Started by Apr 13 2011 03:48 AM

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7 replies to this topic

Posted 13 April 2011 - 03:48 AM

Note: 3D not 2D

OBB-OBB (oriented bounding box) intersection tests are fairly well covered (separating axis) but I can't find much information about generating intersection data (contact point, normal, penetration depth) for collision response.

I'm using a separating axis test to determine whether or not they are in contact. If they ARE I need to generate collision data. This is what I have/know currently.

for vertex-face collisions:

Test each vertex of each box against the other box to see if it lies within its boundaries. If it lies within the box's boundaries use the closest face's normal as the contact normal, and the distance to that face as penetration depth. This seems fine although it seems like a lot of tests? (16, one for each vertex on each box)

for edge-edge collisions:

Test each edge from each box against each other. This is what I'm not too sure about. The only method I can find is to do a test on each edge line to find the closest points on each. Then determine if these points lie on the segments of the lines that make up the edge. If so test whether point a is closer to the center of body b than point b, and vice versa. This seems massively inefficient. 12*12 = 144 tests, and it's a pretty expensive test.

Can anyone shed any light (or links) on this?

Cheers

edit: numbers

OBB-OBB (oriented bounding box) intersection tests are fairly well covered (separating axis) but I can't find much information about generating intersection data (contact point, normal, penetration depth) for collision response.

I'm using a separating axis test to determine whether or not they are in contact. If they ARE I need to generate collision data. This is what I have/know currently.

for vertex-face collisions:

Test each vertex of each box against the other box to see if it lies within its boundaries. If it lies within the box's boundaries use the closest face's normal as the contact normal, and the distance to that face as penetration depth. This seems fine although it seems like a lot of tests? (16, one for each vertex on each box)

for edge-edge collisions:

Test each edge from each box against each other. This is what I'm not too sure about. The only method I can find is to do a test on each edge line to find the closest points on each. Then determine if these points lie on the segments of the lines that make up the edge. If so test whether point a is closer to the center of body b than point b, and vice versa. This seems massively inefficient. 12*12 = 144 tests, and it's a pretty expensive test.

Can anyone shed any light (or links) on this?

Cheers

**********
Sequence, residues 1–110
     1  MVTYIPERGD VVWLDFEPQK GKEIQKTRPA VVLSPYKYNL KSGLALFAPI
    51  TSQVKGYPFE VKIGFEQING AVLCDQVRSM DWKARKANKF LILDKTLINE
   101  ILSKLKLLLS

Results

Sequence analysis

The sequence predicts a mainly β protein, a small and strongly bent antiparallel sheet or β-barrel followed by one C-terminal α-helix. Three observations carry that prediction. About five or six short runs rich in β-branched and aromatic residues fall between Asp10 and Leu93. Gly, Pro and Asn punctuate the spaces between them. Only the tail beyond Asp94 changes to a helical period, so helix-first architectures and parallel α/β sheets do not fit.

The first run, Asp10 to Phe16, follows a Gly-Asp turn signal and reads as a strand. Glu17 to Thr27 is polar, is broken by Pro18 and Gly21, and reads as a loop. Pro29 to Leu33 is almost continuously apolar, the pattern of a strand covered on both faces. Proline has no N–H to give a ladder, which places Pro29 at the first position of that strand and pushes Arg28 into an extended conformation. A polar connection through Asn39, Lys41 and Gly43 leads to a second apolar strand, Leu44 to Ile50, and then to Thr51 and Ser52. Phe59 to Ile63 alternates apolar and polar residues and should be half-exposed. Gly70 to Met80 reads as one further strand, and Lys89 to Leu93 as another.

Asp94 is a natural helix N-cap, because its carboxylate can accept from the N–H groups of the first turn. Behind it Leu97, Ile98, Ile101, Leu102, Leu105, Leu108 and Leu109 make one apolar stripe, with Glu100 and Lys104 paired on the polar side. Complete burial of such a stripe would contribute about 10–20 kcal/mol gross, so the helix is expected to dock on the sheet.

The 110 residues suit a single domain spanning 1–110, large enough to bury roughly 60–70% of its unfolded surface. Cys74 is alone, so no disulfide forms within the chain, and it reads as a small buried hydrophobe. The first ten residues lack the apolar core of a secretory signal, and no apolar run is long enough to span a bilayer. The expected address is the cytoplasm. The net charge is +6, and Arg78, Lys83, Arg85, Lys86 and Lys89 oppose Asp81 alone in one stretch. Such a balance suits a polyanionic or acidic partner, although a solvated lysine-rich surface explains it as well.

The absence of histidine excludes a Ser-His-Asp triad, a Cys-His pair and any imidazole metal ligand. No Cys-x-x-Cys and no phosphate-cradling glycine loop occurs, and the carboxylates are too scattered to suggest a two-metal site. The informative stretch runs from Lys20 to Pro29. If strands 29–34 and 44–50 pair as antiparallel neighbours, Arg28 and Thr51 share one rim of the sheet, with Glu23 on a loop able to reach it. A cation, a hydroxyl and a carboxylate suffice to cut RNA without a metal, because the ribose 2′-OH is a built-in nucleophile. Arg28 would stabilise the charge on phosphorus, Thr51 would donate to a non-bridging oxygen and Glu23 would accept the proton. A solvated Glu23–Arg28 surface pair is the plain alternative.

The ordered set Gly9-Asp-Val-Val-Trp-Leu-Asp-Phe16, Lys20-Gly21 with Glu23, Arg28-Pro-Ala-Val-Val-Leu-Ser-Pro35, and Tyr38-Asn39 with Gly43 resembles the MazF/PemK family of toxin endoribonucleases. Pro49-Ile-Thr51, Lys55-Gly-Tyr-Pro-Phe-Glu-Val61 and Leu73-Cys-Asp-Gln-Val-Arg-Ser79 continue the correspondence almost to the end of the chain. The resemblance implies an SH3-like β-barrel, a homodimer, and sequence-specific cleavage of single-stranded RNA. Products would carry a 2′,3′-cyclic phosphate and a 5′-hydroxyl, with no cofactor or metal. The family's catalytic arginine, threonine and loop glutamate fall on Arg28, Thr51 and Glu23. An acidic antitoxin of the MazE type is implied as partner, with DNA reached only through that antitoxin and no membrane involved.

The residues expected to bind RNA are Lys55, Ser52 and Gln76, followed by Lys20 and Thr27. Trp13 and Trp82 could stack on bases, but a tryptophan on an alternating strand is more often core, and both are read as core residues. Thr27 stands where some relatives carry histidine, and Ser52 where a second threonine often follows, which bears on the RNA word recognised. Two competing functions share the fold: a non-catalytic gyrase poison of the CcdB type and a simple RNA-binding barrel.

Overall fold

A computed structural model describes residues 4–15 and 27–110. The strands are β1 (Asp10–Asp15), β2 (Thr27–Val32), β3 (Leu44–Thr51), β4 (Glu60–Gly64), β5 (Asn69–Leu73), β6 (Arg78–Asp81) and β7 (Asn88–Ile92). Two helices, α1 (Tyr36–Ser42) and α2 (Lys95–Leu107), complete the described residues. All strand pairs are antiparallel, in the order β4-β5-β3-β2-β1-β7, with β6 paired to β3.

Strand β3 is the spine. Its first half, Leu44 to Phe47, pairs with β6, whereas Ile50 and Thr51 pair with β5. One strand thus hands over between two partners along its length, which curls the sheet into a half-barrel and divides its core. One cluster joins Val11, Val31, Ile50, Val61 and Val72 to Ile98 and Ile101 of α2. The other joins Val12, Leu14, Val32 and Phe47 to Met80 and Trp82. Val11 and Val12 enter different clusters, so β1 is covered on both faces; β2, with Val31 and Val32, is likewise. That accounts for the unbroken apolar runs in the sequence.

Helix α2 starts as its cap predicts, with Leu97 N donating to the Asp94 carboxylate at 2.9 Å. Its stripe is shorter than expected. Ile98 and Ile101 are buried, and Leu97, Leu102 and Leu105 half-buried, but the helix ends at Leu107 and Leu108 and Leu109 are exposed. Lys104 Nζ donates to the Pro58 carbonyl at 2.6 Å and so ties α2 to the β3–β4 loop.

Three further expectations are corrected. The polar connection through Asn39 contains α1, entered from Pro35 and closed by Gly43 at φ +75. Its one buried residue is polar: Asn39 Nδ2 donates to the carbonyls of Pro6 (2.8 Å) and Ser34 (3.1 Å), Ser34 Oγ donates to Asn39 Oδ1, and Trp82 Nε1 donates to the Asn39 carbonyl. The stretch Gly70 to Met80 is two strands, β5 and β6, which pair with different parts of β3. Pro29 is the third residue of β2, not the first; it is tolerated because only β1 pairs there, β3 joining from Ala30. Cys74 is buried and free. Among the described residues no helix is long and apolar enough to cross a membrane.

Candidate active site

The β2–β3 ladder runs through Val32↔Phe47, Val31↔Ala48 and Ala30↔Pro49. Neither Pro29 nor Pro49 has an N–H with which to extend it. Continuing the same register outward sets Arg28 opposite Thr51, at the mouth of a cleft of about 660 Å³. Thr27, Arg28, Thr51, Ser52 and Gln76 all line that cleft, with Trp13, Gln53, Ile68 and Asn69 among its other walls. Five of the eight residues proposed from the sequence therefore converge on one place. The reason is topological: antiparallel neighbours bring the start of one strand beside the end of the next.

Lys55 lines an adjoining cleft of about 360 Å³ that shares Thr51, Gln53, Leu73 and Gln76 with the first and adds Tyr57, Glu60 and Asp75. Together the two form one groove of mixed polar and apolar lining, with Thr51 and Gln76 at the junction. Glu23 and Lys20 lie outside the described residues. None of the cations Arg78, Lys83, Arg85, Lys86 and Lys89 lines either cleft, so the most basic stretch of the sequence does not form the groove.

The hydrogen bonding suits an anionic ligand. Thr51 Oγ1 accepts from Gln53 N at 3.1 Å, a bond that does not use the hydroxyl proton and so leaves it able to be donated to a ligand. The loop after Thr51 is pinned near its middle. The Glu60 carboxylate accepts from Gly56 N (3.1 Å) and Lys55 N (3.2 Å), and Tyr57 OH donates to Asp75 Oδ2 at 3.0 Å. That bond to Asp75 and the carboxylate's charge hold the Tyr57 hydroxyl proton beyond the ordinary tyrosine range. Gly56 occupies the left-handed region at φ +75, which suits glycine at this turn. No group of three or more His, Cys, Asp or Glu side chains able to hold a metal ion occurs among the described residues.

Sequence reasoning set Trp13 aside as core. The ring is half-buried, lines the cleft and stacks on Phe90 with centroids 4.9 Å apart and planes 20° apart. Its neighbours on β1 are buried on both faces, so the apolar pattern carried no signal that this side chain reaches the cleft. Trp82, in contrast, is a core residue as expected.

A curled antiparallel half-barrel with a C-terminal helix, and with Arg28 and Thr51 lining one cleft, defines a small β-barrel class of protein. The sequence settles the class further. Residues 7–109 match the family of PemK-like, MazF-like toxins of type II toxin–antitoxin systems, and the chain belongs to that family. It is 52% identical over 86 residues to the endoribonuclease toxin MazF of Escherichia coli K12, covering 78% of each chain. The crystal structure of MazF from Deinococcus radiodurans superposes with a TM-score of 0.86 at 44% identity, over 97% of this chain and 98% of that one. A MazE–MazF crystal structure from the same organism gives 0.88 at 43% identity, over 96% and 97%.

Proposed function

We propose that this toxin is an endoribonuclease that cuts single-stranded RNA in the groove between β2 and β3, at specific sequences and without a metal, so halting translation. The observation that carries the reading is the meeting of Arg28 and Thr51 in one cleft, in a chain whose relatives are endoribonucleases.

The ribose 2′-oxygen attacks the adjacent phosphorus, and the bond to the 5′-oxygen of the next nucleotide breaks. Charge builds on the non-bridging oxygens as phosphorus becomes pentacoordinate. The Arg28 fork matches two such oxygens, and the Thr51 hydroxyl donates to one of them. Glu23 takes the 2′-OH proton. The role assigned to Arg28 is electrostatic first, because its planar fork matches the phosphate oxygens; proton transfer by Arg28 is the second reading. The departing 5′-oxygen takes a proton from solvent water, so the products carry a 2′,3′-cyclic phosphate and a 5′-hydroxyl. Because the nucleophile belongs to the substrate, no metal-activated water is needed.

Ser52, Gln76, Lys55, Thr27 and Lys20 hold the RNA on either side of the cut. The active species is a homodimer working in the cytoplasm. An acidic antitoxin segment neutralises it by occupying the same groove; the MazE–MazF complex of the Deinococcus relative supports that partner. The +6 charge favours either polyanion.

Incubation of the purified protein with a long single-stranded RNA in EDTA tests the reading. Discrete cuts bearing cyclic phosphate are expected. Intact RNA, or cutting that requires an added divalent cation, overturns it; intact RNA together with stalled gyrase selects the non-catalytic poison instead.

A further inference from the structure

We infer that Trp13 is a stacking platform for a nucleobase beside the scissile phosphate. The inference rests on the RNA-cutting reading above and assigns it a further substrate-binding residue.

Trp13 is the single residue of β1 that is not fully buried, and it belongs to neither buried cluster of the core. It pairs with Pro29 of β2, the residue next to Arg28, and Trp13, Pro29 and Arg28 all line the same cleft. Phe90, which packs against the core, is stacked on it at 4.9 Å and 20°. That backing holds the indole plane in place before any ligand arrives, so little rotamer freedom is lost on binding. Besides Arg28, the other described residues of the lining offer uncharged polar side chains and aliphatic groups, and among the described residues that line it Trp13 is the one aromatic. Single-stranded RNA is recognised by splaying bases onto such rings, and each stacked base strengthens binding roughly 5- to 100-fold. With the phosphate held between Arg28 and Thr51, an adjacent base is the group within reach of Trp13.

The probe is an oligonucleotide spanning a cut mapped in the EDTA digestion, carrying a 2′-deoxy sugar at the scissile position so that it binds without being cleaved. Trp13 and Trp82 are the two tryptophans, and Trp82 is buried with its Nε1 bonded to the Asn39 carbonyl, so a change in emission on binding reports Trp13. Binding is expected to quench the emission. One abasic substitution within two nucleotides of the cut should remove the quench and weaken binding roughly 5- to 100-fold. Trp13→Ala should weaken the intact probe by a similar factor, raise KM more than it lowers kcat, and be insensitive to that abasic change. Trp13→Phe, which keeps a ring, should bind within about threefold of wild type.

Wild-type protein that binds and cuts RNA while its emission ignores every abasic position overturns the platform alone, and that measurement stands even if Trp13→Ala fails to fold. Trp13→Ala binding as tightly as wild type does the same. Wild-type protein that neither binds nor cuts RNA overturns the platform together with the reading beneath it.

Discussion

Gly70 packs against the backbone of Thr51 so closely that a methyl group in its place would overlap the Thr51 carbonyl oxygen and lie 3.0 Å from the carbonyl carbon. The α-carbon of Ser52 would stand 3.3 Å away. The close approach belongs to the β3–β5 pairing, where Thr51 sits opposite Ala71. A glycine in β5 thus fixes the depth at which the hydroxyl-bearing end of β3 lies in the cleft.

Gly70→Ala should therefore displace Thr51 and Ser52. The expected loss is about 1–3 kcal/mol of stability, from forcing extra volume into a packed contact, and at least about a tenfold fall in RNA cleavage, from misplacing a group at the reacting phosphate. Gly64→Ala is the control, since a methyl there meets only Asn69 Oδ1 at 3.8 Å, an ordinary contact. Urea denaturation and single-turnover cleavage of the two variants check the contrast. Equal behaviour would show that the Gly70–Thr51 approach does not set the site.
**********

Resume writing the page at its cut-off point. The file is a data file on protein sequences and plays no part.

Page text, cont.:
edit: numbers

Posted 13 April 2011 - 08:49 AM

One approximate way to generate contact points between two convex polyhedra A and B, is the following recipe:

1) find a separating axis between A and B using your favorite method (SAT, GJK etc)

2) find reference face on A and a incident face on B with a normal that is closest to this separating axis

3) perform Sutherland-Hodgman clipping on the vertices of this face on A against the polyhedron B

This clipping can be performed either in worldspace or in the local space of B, using the faces connected to face B

I recently implemented this method in the open source Bullet physics library, part of the Bullet 2.78 release, so you can test the implementation and read the code here:

http://code.google.c...actClipping.cpp in particular btPolyhedralContactClipping::clipHullAgainstHull and clipFace.

For general convex polyhedra you need to compute the connectivity and connected faces (m_connectedFaces in above code), Bullet uses the btConvexHullComputer for this. For the special case of OBB-OBB this information can be hard-coded, you can see the OBB-OBB clipping code in ODE/Bullet here: http://code.google.com/p/bullet/source/browse/trunk/src/BulletCollision/CollisionDispatch/btBoxBoxDetector.cpp#574

Thanks,

Erwin

1) find a separating axis between A and B using your favorite method (SAT, GJK etc)

2) find reference face on A and a incident face on B with a normal that is closest to this separating axis

3) perform Sutherland-Hodgman clipping on the vertices of this face on A against the polyhedron B

This clipping can be performed either in worldspace or in the local space of B, using the faces connected to face B

I recently implemented this method in the open source Bullet physics library, part of the Bullet 2.78 release, so you can test the implementation and read the code here:

http://code.google.c...actClipping.cpp in particular btPolyhedralContactClipping::clipHullAgainstHull and clipFace.

For general convex polyhedra you need to compute the connectivity and connected faces (m_connectedFaces in above code), Bullet uses the btConvexHullComputer for this. For the special case of OBB-OBB this information can be hard-coded, you can see the OBB-OBB clipping code in ODE/Bullet here: http://code.google.com/p/bullet/source/browse/trunk/src/BulletCollision/CollisionDispatch/btBoxBoxDetector.cpp#574

Thanks,

Erwin

Posted 13 April 2011 - 02:44 PM

Just to echo what Erwin said, you shouldn't need to do any sort of search to find the intersecting features. Since you know the 'intersection axis' (that is, the axis corresponding to the minimum penetration depth for the discrete test, or the 'axis of last intersection' for the continuous test), you can find the features that will intersect (they'll be the supporting features of the boxes with respect to the axis and its negative).

Once you have the supporting features, you can then clip them together to yield the contact manifold.

Also, if all you need is the penetration depth, you can skip all that (the penetration depth and direction can be derived directly from the results of the discrete test).